Santanu Mitra's article 'Highly Commended' in 2018 Emerald Literati Awards

Accounting professor Dr. Santanu Mitra's article, which was published in Review of Accounting and Finance in 2017, has been selected by the editorial team as Highly Commended in the 2018 Emerald Literati Awards.

"The criteria used to judge the awards are based on six areas that inform the development of our products: internationality; diversity; support for scholarly research; encouragement of applied research (impact); commitment to high quality scholarship; and a desire to ensure reader, author and customer experience is the best it can be," according to Emerald Publishing.

Review of Accounting and Finance publishes high quality research papers covering a wide range of accounting and finance topics, offering a global perspective on issues including the role of accounting internal and external communications on capital market valuation, microstructure, asset pricing, corporate financial decision making and users' and preparers' behavior and public policy, according to its website.

His article, co-authored by Bikki Jaggi and Talal Al-Hayale, is titled “ The effect of managerial stock ownership on the relationship between material internal control weaknesses and audit fees.”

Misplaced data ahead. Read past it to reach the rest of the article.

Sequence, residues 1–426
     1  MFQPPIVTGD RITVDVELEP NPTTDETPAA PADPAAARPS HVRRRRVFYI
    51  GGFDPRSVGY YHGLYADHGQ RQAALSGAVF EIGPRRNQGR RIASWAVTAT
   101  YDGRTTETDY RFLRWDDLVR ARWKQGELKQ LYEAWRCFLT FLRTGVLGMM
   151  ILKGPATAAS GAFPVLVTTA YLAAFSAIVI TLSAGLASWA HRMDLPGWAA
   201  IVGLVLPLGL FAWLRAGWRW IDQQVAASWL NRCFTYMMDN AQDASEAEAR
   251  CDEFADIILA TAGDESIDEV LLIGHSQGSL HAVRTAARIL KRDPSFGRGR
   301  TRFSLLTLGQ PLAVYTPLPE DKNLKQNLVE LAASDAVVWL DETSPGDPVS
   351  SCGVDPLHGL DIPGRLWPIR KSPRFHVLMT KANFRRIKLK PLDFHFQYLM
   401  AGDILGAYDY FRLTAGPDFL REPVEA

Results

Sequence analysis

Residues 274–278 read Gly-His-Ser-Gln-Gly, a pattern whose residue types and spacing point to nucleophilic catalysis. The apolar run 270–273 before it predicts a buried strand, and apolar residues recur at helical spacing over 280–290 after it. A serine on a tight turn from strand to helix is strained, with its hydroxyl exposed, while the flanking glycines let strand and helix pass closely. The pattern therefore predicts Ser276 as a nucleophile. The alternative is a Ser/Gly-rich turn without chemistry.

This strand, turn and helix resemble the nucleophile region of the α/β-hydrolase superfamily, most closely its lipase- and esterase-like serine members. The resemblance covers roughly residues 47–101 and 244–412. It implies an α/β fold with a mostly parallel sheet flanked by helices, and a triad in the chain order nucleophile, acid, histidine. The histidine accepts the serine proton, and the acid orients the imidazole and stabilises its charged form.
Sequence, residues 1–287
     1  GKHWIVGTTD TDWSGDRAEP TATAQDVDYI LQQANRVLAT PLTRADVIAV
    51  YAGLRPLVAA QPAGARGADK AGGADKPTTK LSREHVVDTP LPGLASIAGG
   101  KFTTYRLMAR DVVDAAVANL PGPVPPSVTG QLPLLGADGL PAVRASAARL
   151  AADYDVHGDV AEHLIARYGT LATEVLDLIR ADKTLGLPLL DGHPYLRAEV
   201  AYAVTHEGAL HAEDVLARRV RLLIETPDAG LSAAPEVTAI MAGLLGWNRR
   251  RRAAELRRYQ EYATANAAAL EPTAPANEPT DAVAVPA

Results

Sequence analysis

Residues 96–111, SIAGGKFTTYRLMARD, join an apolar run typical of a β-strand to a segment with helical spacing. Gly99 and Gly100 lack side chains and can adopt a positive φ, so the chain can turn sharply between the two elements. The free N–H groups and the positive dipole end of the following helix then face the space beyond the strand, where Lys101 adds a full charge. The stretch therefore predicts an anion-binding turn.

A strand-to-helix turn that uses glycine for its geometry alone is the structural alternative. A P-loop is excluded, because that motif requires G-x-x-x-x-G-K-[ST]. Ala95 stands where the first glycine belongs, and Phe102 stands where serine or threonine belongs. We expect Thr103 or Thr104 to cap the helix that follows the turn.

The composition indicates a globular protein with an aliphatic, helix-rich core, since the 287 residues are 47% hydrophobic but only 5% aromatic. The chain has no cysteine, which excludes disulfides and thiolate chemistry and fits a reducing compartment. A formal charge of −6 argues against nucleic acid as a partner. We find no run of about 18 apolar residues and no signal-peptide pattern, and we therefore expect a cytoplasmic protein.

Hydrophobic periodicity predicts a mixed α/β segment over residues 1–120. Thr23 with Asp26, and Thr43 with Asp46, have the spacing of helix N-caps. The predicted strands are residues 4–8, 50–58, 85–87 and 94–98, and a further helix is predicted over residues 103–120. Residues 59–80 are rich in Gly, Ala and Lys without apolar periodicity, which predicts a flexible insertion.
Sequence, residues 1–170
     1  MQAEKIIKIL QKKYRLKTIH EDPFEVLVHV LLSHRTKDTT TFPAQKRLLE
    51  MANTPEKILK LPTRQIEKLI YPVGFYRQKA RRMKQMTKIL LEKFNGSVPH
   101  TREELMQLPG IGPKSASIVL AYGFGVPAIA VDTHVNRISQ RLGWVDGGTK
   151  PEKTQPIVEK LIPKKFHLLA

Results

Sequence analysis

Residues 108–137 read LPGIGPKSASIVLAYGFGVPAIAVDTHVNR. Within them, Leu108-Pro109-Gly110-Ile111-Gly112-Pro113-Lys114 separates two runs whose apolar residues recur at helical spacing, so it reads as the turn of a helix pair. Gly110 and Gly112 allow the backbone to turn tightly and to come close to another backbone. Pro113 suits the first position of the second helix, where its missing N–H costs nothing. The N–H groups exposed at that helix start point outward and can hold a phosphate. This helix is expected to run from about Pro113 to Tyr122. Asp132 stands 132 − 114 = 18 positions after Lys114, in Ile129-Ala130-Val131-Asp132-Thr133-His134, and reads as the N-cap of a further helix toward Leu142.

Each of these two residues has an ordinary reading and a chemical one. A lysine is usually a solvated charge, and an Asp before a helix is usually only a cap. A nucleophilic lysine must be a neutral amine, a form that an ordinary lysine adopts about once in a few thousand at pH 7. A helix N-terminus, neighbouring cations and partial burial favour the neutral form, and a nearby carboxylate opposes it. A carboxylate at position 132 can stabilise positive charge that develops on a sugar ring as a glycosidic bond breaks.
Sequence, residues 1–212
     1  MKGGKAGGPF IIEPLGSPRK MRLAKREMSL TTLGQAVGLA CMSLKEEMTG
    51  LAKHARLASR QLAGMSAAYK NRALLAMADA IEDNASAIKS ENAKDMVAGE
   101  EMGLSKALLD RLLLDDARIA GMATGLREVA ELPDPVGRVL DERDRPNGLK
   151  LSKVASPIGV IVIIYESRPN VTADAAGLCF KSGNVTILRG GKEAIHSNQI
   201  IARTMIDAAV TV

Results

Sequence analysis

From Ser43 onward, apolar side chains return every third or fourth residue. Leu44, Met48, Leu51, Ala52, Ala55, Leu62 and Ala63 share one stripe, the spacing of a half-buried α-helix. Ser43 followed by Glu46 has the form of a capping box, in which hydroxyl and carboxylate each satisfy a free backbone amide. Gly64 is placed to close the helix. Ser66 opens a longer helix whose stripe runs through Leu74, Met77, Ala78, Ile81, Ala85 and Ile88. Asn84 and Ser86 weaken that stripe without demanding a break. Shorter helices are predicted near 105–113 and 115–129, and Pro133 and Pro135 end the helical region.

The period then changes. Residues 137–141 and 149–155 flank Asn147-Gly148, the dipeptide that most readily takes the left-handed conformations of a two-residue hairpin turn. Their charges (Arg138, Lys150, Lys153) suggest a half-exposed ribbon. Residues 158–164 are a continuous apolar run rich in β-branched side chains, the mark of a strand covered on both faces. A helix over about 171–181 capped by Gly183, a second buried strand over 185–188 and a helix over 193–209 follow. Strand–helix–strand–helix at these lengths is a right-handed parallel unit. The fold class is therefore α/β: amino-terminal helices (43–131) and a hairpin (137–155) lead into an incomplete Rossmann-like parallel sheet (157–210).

Abstract: The purpose of the study is to examine the effect of managerial stock ownership on the relationship between material internal control weaknesses (ICW) and audit fees. For the firms with low managerial stock ownership (up to 5% stockholdings), we find no significant ownership effect on the positive relationship between audit fees and ICW. However, the impact of managerial stock ownership on the relationship between ICW and audit fees is significantly positive when the managerial ownership is at medium level, i.e. more than 5% but less than or equal to 25% stockholdings; and the managerial ownership effect is more robust with high managerial stock ownership, i.e. more than 25% stockholdings. The additional analyses further show that the managerial ownership effect is more pronounced when the firms suffer from company-level material control weaknesses having pervasive negative effect on financial reporting quality. Our results imply that in a low managerial ownership firms with substantial misalignment between manager and shareholder incentives, managerial stock ownership has little effect on ICW and audit fee relationship. However, when the ownership interest is at a high level, managers are more prone to purchase higher quality audit service to reduce the risk of financial misstatements caused by material internal control weaknesses, which results in higher audit fees. The results add to the audit fee literature by suggesting that managerial incentive at various ownership levels is a critical governance factor that affects auditor’s fee structure especially when higher reporting risk exists in presence of material internal control weaknesses.